As the Extractive Industries Transparency Initiative (EITI) board met in Bogotá on International Women’s Day this week, it is a perfect moment to reflect on how mechanisms like the initiative can be better harnessed to empower women’s voices in resource governance.

Research has shown women are more likely to be negatively impacted at the local and national levels by natural resource extraction. At NRGI, we believe that the natural resource governance field has only begun to factor in the involvement of women and consider how issues important to them can influence governance decisions in the sector.

In celebration of the achievement of women’s movements this month, NRGI is outlining how lessons from the gender and development field can be used to create better outcomes for all involved in natural resource governance.

  1. Improve women’s participation among all stakeholder groups in resource governance. Across the globe, NRGI has seen less female representation in civil society trainings and in leadership roles at civil society organizations it supports than men. The reasons for this are not yet clear. NRGI is studying why there is less female representation and what can be done to make representation more even. NRGI has created a special leadership program to support women in civil society to grow into these roles. It should be noted that women are not under-represented in every case. Women sit in the powerful leadership roles in global and national coalitions, like Publish What You Pay. In some countries, women are the represented equally and dynamically. We don’t know the specific impact gender balance can bring to our movement. We do know that when women are involved in public policy decisions they are more likely to address development needs and when women are involved in peacemaking, there is a greater likelihood of lasting peace. The bottom line across contexts seems to be that improving female participation improves outcomes and sustainability.
  2. Strengthen women’s representation in EITI. When participation from civil society on extractive issues is not balanced, it stands to reason that it is less likely to be balanced at the EITI multi-stakeholder table as well. MSI Integrity’s analysis of EITI boards in 23 countries found that the majority of multi-stakeholder boards are composed of fewer than 25 percent female representatives. Women represent approximately one third of the global EITI board. MSI Integrity’s report brought out some of costs associated with participating in a multi-stakeholder group, noting that more than a third of the countries surveyed did not compensate those attending from outside the capital. Other development studies show that when there is a cost of participation, it is harder for women to self-finance than men. Clear multi-stakeholder group guidelines addressing the actual costs of EITI participation at a national level can reduce the impact across gender lines.
  3. Project-level data is critical. If women face political and cultural constraints to mobility and accessing national politics, they are more likely to be able to influence change at the local level. Years of gender budgeting experience show that women can play an important role ensuring that local government spending aligns with development priorities. This only works, however, when there is access to accurate information about local revenues. In order for women to have access to information about revenues that link to the extractive projects in their area, EITI and implementing countries must publish all subnational transfers and company payments on a project-by-project basis. Information that is aggregated across an entire country does not help a woman in one town know what to expect and how it will affect her family. The EITI’s board’s decision today to implement the EITI’s project-by-project reporting requirement is very welcome in this respect.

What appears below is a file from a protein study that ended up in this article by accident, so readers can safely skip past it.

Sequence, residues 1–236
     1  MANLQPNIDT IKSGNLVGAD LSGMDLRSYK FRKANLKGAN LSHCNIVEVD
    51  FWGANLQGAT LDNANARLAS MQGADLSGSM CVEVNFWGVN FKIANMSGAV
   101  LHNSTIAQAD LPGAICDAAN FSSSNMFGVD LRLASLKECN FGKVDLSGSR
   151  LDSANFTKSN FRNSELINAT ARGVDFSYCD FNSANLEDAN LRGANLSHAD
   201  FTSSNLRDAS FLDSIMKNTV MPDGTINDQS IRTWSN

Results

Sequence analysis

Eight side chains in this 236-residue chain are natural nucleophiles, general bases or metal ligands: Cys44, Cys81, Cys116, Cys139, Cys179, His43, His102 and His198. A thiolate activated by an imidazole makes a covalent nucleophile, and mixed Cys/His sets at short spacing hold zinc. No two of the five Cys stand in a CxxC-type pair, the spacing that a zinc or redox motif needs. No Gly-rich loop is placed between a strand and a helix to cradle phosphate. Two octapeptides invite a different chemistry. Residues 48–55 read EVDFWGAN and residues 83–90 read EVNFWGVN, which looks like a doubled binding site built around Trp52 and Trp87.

4. The format of EITI data has a big impact on who can use it. NRGI’s report on subnational transparency outlines how restrictions on women’s physical mobility—from cultural constraints or household obligations—can increase the importance of providing subnational-level information. The format through which data is shared can impact who receives the data. National multi-stakeholder groups might consider making sure they are using means of disseminating their reports that are equally received by men and women. All groups involved in resource governance transparency can do better at making sure their information is in formats accessible by women.

The above can move us toward gender equality in the governing and decision making structures around natural resource policies but of course represents only a starting point for a broader discussion. Much more needs to be done to account for the differentiated impacts of natural resource policies on men and women, and how policy design can better address this. NRGI is excited to pursue answers to how gender participation and consideration of gender in governance decisions can improve the lives of all citizens in resource-rich countries.

Rebecca Iwerks and Katarina Kuai are senior capacity development officers at the Natural Resource Governance Institute (NRGI) and members of the NRGI gender working group.

Source: NRGI

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